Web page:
Patients with symptomatic hyperparathyroidism should undergo surgery. There is some debate regarding asymptomatic hyperparathyroidism and which patients benefit from surgery. Fortunately there are guidelines discussing which patients are likely to benefit.
Hyperparathyroidism may be:
1. Primary (PHP): not caused by any underlying medical condition
2. Secondary to underlying kidney disease.
About 85% of the time in PHP one gland is involved. This one gland has a benign tumour which secretes parathyroid hormone (PTH). About 15% of the time all four parathyroid glands are involved-a condition called parathyroid hyperplasia.
Secondary hyperparathyroidism seen in kidney disease is associated involves all four glands-parathyroid hyperplasia.
Parathyroidectomy is the name given to the operation where one or more parathyroid glands are removed. The operation is usually highly successful. Potential complications are similar to those for thyroid surgery and include the risk of injury to the recurrent laryngeal nerve resulting in hoarseness. Sometimes, not very commonly, the operation fails to cure the condition and sometimes the calcium level can be too low after surgery.
What is thyroidectomy?
Thyroidectomy is surgery to remove all or part of the thyroid gland.
Thyroidectomy is usually used to treat or explore an overactive thyroid gland, benign nodules or suspicion of cancerous cells in the thyroid gland. Your surgeon will discuss with you the reason for recommending surgery, including the risks and benefits and whether all or just part of your thyroid needs to be removed.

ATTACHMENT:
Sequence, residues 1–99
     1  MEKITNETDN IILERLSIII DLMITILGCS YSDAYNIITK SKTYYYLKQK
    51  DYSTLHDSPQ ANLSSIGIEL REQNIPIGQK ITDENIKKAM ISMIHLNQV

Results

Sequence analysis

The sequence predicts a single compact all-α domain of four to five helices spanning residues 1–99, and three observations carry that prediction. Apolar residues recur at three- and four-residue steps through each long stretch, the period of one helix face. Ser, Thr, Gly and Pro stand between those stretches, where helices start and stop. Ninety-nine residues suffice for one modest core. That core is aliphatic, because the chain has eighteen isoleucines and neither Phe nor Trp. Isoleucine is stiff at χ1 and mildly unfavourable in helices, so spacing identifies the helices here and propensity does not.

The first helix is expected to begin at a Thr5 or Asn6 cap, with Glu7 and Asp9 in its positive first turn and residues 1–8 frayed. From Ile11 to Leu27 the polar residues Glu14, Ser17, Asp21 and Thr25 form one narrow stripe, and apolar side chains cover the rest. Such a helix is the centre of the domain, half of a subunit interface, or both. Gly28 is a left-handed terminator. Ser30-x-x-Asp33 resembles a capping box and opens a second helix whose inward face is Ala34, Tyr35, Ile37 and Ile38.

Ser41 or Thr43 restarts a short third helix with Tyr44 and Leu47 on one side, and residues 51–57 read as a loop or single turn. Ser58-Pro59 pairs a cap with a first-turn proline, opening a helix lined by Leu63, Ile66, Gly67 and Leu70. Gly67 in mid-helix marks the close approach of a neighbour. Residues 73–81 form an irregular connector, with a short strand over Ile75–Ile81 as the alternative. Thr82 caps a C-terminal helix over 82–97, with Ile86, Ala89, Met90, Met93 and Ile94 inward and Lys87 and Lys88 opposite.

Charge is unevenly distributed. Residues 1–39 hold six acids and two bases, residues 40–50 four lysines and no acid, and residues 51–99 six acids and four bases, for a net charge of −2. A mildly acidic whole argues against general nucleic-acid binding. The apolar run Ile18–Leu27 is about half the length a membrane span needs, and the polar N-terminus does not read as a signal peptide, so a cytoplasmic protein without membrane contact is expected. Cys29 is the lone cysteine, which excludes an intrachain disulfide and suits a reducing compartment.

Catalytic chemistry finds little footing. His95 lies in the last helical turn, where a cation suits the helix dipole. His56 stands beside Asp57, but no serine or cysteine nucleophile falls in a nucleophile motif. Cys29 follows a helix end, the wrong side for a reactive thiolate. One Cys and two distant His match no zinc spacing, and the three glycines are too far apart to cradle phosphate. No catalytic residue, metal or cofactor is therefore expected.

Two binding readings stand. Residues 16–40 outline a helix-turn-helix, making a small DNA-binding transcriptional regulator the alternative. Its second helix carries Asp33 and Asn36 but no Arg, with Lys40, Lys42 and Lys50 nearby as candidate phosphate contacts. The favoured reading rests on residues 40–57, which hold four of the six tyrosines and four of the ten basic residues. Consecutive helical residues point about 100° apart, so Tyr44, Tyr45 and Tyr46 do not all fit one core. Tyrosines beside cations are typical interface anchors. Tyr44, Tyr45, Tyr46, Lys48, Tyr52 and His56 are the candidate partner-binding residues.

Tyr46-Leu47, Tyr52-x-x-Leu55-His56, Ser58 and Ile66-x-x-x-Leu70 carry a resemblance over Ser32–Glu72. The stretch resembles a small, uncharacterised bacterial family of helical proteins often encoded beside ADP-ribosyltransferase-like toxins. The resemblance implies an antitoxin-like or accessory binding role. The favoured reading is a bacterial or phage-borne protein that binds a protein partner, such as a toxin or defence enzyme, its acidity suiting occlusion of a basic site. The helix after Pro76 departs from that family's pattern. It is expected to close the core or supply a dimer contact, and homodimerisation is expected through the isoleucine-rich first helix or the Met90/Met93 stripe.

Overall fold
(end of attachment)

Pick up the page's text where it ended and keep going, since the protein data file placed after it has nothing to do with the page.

If you have any questions or concerns please ask your surgeon.
What does the thyroid gland do?
The thyroid gland located in the neck (in front of the trachea), produces a chemical substance (a hormone) called thyroxine. This hormone circulates around the body in the blood and controls the speed at which the body's chemical processes work. The normal thyroid has considerable spare capacity for making thyroxine and so normally removal of as much as half of the gland can be undertaken without any need to give thyroxine replacement in the form of daily tablets after the operation. If, however, the whole thyroid has been removed you will need to take thyroxine for the rest of your life.
Very close to the thyroid glands are four tiny glands called parathyroid glands, each not much bigger than a grain of rice. These produce a hormone which controls the level of calcium in your body. The parathyroid glands are normally left in place when the thyroid gland is operated on but their function may be affected by the operation on the thyroid.